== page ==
White House, congressional leaders reach two-year budget, debt limit deal; hurdles remain
White House and lawmakers reached a budget deal, agreeing to increase U.S. government spending by $320 billion. The agreement sets out equal growth in domestic and military spending, a key demand of House Speaker Nancy Pelosi (D-Calif.), offset by about $75 billion in spending cuts. If enacted before Congress leaves for its August recess, the arrangement would avert a default crisis this fall, putting the next showdown off until after the 2020 elections. The deal for more than $2.7 trillion in spending over two years would suspend the debt ceiling until the end of July 2021. With two months left in this fiscal year, the federal deficit has reached $747 billion — a 23% increase from last year. Federal debt has grown to $22 trillion.
— White House and Congress reached a deal on spending, debt ceiling. Highlights (link for details):
- Accord allows for more than $2.7 trillion in spending over two years (fiscal years 2020 and 2021).
- Raises spending by nearly $50 billion next fiscal year above current levels. FY 2020 begins Oct. 1.
- Provides for about $320 billion in spending over two years above limits set in a 2011 budget law that established automatic spending cuts, known as the sequester.
- Would suspend the debt ceiling until the end of July 2021 — after Nov. 2020 elections.
- Includes limited budget cuts. Deal extends small cuts to Medicare beyond fiscal year 2027 and extends fees collected by Customs and Border Protection, amounting to $77 billion worth of savings to offset the cost. Those moves fall short of the $150 billion in spending cuts originally sought by the Trump administration.
- Must still pass both chambers of Congress and needs President Trump’s signature. Once the agreement on overall spending levels passes Congress, both chambers will still need to pass 12 individual bills to keep the government open after Sept. 30. Lawmakers signal they may need to pass some sort of stopgap funding measure to avoid a shutdown and negotiate agreements on all of the remaining bills.
- Democratic leaders pledged support. In a joint statement House Speaker Nancy Pelosi and Sen. Chuck Schumer (D-N.Y.), the chamber’s Democratic leader, pledged that the House would bring the deal quickly to the floor. Pelosi wants the House to vote on the agreement on Thursday, before the chamber goes on recess on July 26. The Senate doesn’t take its break until Aug. 2.
- Senate Majority Leader Mitch McConnell (R-Ky.) said he was encouraged by the deal, adding that it “secures the resources we need to keep rebuilding our armed forces.” He said he intended to have the Senate vote on it before the chamber departs for recess.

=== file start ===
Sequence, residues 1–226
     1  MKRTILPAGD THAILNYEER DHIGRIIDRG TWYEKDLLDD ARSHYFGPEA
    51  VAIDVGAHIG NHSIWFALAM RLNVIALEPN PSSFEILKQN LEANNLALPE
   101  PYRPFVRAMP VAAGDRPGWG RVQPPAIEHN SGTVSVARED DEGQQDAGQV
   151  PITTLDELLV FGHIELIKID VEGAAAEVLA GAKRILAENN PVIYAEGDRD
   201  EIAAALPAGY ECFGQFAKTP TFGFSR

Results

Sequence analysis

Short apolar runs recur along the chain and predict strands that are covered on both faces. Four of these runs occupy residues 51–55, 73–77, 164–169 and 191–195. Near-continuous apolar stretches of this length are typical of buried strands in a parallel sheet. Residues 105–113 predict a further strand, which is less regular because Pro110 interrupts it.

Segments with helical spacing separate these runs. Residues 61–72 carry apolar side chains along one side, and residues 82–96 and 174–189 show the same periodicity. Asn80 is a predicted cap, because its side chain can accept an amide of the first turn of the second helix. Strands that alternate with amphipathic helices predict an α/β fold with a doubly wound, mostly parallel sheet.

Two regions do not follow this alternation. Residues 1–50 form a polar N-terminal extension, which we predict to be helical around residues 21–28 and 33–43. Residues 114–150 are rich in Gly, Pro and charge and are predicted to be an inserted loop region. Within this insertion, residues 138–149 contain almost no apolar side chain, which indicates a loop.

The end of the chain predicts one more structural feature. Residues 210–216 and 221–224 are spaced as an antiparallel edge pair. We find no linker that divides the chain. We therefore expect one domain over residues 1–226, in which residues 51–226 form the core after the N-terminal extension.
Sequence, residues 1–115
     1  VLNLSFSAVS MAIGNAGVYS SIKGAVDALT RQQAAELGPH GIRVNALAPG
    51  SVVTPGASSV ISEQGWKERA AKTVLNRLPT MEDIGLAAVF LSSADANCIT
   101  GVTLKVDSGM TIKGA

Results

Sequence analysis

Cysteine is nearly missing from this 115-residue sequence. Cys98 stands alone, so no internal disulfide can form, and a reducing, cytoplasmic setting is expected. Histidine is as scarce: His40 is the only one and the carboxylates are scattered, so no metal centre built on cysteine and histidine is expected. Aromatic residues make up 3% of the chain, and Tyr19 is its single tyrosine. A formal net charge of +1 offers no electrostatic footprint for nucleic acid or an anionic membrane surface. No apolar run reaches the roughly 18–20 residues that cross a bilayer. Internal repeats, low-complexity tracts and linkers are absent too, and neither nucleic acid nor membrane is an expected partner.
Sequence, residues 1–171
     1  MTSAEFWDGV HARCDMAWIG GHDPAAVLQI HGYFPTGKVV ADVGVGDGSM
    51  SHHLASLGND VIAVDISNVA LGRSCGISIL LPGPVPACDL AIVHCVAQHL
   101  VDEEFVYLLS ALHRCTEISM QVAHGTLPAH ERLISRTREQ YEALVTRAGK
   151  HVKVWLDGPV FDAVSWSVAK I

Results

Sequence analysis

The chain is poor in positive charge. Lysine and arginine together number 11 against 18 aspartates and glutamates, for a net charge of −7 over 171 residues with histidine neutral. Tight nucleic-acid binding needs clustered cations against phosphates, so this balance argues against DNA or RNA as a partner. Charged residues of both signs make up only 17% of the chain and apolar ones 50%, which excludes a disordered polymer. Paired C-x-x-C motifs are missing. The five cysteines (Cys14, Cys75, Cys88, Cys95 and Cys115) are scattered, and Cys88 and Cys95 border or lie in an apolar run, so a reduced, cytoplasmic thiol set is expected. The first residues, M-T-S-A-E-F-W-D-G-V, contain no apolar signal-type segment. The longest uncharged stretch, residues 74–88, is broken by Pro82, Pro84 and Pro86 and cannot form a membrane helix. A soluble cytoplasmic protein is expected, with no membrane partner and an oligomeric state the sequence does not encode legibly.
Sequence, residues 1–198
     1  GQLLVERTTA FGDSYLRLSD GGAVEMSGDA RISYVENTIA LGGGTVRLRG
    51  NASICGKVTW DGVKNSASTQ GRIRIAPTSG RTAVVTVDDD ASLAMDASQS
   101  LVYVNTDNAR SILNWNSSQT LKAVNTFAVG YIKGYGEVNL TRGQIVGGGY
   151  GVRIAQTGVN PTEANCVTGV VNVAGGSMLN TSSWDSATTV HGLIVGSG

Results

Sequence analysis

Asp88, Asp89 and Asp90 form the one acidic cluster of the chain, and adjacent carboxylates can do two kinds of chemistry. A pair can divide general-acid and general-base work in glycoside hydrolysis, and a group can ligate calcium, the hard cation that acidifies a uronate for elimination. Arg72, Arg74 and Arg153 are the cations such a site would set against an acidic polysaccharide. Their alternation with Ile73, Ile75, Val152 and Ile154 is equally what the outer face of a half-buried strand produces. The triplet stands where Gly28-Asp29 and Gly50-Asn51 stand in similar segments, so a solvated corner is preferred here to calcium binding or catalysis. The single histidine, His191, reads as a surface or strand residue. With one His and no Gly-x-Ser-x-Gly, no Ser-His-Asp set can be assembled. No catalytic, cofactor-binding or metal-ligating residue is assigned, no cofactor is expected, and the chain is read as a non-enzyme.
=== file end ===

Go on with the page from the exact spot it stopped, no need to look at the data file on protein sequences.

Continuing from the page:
- Win-win for both political parties. Republicans praised the increases in military spending. Democrats said the expiration of the fiscal controls enacted in 2011 was an important victory. Congressional leaders pledged to forgo any “poison pills,” or measures that lawmakers include in appropriations bills that advance partisan goals.
- Some disgruntled lawmakers from both politicl parties. Some Republican lawmakers complained that it adds too much to the federal debt, while some House Democrats may be uneasy with giving concessions to the Trump administration.
— U.S./China trade policy update:
- South China Morning Post: U.S. trade negotiators likely to visit China next week for first face-to-face talk since the G20 confab in Osaka, Japan. The American delegation led by trade representative Bob Lighthizer and Treasury Secretary Steven Mnuchin are set to meet Vice-Premier Liu He and hardliner and Commerce Minister Zhong Shan.
- Concessions by both U.S. and China led to next face-to-face sessions. The coming announcement came after the U.S. announced it would offer exemptions to 110 Chinese products, including medical equipment and key electronic components, from import tariffs. In a goodwill gesture of their own, China said that several companies would buy American agricultural products having already applied for exemptions from the tariffs imposed by Beijing. Some U.S. traders errantly speculated on Monday that the reports of exemptions were “fake news” but coming Chinese purchases appear to be a reality.